. Oldest known cloth murex-dyed known today dates to the fifth to fourth century BC. However, the older Papyrus Anastasy (now in the Victoria Museum in Upsala, Sweden) was written about 1400 B.C. in Egypt, and includes about 70 formulae for dying wool, most of which deal with the color purple. It has been estimated that nearly 10,000 snails needed to be crushed to produce enough liquid to dye a single garment. For more information, see Philippa Scott “Millennia of Murex.” Saudi Aramco World. July-August, 2006. 30-37.
. It has been estimated that 8,000 of these molluscs were needed to produce 1 gram of dye. See Irvin, “Purple.” 1057.
. Irvin, “Purple.” 1057. According to Josephus, large quantities of purple (or scarlet) fabric were required for the temple curtains which were replaced every few years (Wars 6.8.3 (390). Some scholars believe that the purple (or scarlet) robe placed on Jesus (Mt. 27:28) was a soldier’s cloak.
. Bailey, Jesus through Middle Eastern Eyes. 382.
. Vincent, Word Studies in the New Testament. 1:397.
. Bailey, Jesus through Middle Eastern Eyes. 382.
. The History of Herodotus 2.86. Translated by George Rawlinson http://classics.mit.edu/Herodotus/history.3.iii.html Retrieved November 30, 2013.
. Mishnah, Yoma 3.6-7.
. Vincent, Word Studies in the New Testament. 1:89; Lang, Know the Words of Jesus. 71; Bock, Jesus According to Scripture. 221-22.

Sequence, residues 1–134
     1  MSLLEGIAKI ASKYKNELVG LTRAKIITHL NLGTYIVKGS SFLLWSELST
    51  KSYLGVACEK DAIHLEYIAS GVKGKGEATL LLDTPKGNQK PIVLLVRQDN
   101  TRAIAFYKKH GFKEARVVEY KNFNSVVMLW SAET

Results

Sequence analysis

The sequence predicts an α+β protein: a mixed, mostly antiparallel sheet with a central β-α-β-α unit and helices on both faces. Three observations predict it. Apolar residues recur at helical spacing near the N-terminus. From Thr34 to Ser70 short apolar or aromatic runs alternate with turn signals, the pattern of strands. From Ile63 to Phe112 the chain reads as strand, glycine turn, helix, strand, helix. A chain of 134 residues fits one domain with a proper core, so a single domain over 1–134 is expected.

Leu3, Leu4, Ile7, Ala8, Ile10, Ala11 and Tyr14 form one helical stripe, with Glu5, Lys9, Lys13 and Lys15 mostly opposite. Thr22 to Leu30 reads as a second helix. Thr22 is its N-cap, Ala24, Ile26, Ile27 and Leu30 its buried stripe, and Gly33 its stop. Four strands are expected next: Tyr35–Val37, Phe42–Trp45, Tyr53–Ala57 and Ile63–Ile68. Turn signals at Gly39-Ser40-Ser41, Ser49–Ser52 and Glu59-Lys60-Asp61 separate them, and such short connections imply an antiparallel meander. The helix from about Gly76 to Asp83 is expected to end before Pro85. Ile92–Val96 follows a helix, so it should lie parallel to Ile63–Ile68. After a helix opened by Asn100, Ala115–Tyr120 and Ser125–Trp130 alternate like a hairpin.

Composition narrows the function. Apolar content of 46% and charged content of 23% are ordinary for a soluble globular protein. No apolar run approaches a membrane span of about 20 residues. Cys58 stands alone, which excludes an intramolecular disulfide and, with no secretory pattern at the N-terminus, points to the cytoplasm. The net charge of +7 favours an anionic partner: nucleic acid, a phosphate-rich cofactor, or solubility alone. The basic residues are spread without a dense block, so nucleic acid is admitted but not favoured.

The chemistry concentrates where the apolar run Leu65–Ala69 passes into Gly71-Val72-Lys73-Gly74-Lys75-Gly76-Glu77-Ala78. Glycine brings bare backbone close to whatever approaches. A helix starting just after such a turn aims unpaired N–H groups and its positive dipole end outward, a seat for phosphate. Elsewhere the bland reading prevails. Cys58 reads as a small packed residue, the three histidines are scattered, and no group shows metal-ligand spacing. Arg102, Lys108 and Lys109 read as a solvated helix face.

. Barclay, “Matthew.” 2:122-23.
. Bailey, Jesus through Middle Eastern Eyes. 384-85.
. Pentecost, The Words and Works of Jesus Christ. 339-40.
. Saunders, “Abraham’s Bosom.” 1:21-22.
. An examples of similar stories of a dialog between heaven and the underworld in Jewish writings can be found in 4 Ezra [=2 Esdras] 7:85, 93; 2 Baruch 51:5-6. A later tradition, written in the Christian era, is found in the Babylonian Talmud Basah 32b.
. Lightfoot, A Commentary on the New Testament from the Talmud and Hebraica. 3:166-67.
. Lightfoot, A Commentary on the New Testament from the Talmud and Hebraica. 3:175.
. Beasley-Murray, Preaching the Gospel. 214-15 quoting K. Grobel, “Whose Name was Nerves.” 376-78.
. Gressmann, Der Messias. 59.
. Ashkelon is an ancient Philistine city along the coast that was eventually inhabited by the Israelites.
. This comment is also found in the Jerusalem Talmud. Sanhedrin 6.23c; Beasley-Murray, Preaching the Gospel. 215; Manson, 297; Major, Manson, and Wright, The Mission and Message of Jesus. 588-89. Parenthesis by Jerusalem Talmud editors.
. Bailey, Jesus through Middle Eastern Eyes. 374.
. Major, Manson, and Wright, The Mission and Message of Jesus. 590.
. Barclay, “John.” 2:80-81; Bailey, Jesus through Middle Eastern Eyes. 382.
. Jerusalem Talmud, Besa 32b; Major, Manson, and Wright, The Mission and Message of Jesus. 591.
. Vincent, Word Studies in the New Testament. 1:398.
. Bailey, Jesus through Middle Eastern Eyes. 219.
. Blaiklock, “Poets, Pagan, Quotations from.” 13:1646-47.
. Babylonian Talmud, Berakhot 18b.
. Edersheim, The Life and Times of Jesus the Messiah. 669.
. Blaiklock, “Poets, Pagan, Quotations from.” 13:1646-47.
. Bailey, Jesus through Middle Eastern Eyes. 384.